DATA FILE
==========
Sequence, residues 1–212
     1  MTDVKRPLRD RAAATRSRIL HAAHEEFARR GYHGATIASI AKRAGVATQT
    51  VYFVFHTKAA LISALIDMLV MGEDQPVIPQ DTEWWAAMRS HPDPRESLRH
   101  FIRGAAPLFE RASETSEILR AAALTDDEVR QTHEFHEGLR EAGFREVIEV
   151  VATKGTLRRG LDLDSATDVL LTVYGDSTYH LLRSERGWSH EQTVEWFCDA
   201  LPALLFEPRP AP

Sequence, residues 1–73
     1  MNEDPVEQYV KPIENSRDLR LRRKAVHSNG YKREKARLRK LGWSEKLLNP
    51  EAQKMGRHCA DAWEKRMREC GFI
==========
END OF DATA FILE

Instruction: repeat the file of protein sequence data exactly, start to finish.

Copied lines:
Sequence, residues 1–212
     1  MTDVKRPLRD RAAATRSRIL HAAHEEFARR GYHGATIASI AKRAGVATQT
    51  VYFVFHTKAA LISALIDMLV MGEDQPVIPQ DTEWWAAMRS HPDPRESLRH
   101  FIRGAAPLFE RASETSEILR AAALTDDEVR QTHEFHEGLR EAGFREVIEV
   151  VATKGTLRRG LDLDSATDVL LTVYGDSTYH LLRSERGWSH EQTVEWFCDA
   201  LPALLFEPRP AP

Sequence, residues 1–73
     1  MNEDPVEQYV KPIENSRDLR LRRKAVHSNG YKREKARLRK LGWSEKLLNP
    51  EAQKMGRHCA DAWEKRMREC GFI